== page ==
I am a Marathoner

Yesterday I ran my first full marathon at Surf City in Huntington Beach, CA. 

We stayed at one of the host hotels and took the shuttle to the startline (which left at 5:30am). We got there with enough time to use the porta potty once and head to the start. 

But, the morning view was great!

We could hear the waves crashing to the shore, definitely a plus!

I have heard that running a marathon can be an emotional experience…and it really was for me. I teared up when they sang the national anthem and all the runners started quietly singing along. 

We started running a few minutes behind schedule, and I started with a pace group a bit faster than I planned. This worked out well, as I was able to duck into the first set of porta potties and pee one last time. 

The race started by running up Pacfic Coast Highway, before turning off away from the shoreline to a nearby park. The course was described as flat, but it was definitely hillier than anticipated. I was able to keep a solid pace for the first half but then things started to fall apart. 

The bottoms of my feet felt raw and I still had another half marathon to go before finishing. My hips were getting tight and I got in my head. I started walking and panicking a bit. I cycled through all the emotions for about 2-3 miles, which ended up being mainly walking. I felt angry that my feet were sore, I felt scared I wouldn’t finish, I felt sad that I was running alone and that I didn’t have my support system locally, I felt happy I was running a marathon, and also felt that it might be impossible. Honestly, I got in my head.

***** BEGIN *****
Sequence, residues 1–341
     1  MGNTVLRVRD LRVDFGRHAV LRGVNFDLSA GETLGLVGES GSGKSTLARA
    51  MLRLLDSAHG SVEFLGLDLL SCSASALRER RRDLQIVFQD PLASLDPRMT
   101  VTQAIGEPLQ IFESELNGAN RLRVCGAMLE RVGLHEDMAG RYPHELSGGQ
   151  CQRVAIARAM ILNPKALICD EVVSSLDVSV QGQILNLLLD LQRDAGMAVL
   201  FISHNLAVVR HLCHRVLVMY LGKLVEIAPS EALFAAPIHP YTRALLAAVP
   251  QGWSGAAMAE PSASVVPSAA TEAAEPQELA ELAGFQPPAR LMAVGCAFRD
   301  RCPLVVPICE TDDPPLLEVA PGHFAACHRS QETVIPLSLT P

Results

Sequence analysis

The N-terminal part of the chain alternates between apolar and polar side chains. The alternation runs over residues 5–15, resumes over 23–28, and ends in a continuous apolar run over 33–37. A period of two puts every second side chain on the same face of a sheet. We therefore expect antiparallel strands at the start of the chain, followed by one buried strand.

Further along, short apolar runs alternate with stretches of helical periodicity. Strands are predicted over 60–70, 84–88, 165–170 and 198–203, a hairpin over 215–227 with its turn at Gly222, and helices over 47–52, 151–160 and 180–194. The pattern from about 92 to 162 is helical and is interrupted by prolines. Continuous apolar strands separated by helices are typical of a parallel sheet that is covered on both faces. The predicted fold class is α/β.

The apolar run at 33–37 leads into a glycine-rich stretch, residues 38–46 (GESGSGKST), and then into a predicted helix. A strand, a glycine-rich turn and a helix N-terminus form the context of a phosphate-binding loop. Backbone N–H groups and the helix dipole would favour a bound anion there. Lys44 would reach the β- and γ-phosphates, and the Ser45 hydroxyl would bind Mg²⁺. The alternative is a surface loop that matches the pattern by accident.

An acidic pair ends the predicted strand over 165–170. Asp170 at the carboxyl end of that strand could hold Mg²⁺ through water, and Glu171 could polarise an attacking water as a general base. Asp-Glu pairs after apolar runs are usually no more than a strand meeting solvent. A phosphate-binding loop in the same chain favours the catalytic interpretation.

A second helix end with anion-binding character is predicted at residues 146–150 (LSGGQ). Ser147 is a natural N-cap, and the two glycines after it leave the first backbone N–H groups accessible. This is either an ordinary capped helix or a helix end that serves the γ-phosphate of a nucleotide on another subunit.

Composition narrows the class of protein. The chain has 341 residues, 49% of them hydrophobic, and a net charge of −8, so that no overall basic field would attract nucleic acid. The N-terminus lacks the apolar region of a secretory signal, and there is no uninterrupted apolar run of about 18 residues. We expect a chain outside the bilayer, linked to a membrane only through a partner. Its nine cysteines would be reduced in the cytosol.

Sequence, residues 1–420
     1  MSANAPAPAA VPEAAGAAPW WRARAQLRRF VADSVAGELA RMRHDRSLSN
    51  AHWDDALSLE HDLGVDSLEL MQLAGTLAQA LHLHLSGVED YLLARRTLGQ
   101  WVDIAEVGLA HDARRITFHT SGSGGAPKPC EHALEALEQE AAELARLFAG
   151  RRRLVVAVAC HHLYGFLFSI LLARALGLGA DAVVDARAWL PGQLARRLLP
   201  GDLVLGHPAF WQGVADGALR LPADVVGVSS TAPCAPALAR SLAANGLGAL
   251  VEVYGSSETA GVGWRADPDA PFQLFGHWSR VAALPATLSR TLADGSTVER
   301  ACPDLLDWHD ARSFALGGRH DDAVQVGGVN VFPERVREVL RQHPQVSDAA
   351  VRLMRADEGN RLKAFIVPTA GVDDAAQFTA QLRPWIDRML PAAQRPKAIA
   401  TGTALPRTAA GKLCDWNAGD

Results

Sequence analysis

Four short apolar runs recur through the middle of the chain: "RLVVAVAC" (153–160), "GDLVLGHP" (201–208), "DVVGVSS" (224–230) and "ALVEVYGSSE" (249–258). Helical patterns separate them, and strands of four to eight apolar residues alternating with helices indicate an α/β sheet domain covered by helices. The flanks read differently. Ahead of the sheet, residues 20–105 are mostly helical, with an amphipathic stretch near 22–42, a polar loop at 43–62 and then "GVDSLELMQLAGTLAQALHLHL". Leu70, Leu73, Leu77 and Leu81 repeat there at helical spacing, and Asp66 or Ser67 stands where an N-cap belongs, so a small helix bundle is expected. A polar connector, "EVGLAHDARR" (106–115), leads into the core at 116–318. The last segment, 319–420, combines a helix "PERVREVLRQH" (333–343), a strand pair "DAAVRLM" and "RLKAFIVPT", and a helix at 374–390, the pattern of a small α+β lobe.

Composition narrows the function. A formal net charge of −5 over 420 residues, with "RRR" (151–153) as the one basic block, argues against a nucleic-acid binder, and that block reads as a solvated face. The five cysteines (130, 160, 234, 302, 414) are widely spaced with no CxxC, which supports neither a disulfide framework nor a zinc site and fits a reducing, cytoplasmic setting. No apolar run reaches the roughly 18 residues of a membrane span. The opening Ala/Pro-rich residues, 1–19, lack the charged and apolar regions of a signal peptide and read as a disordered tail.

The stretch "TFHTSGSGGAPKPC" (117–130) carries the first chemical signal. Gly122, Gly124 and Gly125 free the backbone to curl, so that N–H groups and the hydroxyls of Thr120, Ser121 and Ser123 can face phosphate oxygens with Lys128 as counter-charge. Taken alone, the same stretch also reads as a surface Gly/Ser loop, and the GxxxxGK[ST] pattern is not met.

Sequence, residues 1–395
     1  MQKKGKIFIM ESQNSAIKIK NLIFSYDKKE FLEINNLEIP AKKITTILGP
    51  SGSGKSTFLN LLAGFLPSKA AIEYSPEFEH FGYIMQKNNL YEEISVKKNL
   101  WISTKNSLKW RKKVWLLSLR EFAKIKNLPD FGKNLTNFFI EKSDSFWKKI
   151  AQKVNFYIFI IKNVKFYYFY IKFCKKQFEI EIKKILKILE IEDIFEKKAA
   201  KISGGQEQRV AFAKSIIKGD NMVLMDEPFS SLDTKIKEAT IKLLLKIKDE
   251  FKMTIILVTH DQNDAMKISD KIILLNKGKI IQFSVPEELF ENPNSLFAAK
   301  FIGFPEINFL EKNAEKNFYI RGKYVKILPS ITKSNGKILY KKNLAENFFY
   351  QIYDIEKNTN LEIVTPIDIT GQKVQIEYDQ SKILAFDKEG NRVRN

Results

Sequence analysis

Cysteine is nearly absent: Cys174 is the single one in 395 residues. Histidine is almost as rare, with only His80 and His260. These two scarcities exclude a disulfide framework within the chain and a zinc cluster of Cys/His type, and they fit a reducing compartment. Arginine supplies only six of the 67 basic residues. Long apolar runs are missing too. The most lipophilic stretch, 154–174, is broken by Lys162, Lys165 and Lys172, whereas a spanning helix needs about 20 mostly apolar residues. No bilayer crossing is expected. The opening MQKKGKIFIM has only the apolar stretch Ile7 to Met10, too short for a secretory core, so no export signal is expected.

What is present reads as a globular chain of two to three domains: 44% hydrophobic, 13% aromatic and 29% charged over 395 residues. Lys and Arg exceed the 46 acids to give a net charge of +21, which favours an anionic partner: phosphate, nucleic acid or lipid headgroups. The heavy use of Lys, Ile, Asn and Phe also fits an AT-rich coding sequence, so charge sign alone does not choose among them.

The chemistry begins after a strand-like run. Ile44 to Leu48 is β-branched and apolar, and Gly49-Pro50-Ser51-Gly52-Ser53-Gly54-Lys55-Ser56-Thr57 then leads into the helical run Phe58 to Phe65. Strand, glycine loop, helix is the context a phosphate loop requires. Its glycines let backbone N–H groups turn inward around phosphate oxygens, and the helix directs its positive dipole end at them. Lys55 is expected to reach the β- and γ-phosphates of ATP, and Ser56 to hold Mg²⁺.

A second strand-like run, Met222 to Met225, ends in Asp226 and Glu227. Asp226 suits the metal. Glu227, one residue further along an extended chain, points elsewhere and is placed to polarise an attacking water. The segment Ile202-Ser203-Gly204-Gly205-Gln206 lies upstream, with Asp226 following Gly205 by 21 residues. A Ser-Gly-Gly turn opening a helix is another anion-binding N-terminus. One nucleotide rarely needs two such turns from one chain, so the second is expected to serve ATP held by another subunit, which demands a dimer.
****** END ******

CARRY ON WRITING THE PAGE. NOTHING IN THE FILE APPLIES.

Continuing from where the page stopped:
I struggled along cycling through every emotion I had from mile 15-18. At mile 15, a woman noticed I was sort of stuck in my head and ran with me for a bit. She told me this was her 38th marathon, and that the hard part is running when you feel like you can’t any more. So, I kept going. 

At mile 16, a pacer talked me down some more, reminding me to breath deeply and keep going. And, I did. 

At mile 17, a man was having calf pains and we ran together until we got to the bacon (and beer) spectator aid station. This is where I began to feel alive again. Let’s blame it on the bacon and beer. 

It was an insanely warm day, the sun was killer and it was humid as well. There was no shade for the second half and it was really a game changer. There were also a lot of out and backs which really start to mess with your mind after awhile. 

At the last turn around, we were at right around 20 miles. I had nothing left but kept pushing. I hit another spectator aid station manned by the local Moms Run This Town running club, and they saved me. The gave me a bag of ice and a cold towel, along with a handful of gummy bears. It made me feel alive again. I got back into a nice rhythm and finished the last 10k strong. 


It has hot and it hurt, but I ran across the finish line. My time was not what I wanted so it seems I will need to redeem myself in another marathon in the future, but I finished my very first. 

 And then I sat in the ocean with all my clothes on. 



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4 Responses to I am a Marathoner

  1. Olivia S says:

    You did it!! You are a marathoner! Congratulations on this great achievement.

  2. Donna says:

    An inspiring story. I could feel all your emotion. Way to go Laurel!

  3. Congrats!!! You never forget your first 🙂

  4. Andrea says:

    I remember you! I was at the MRTT aid station around mile 20 and I am so happy we were able to help you and many other runners out yesterday. Congrats! You are a marathoner!!

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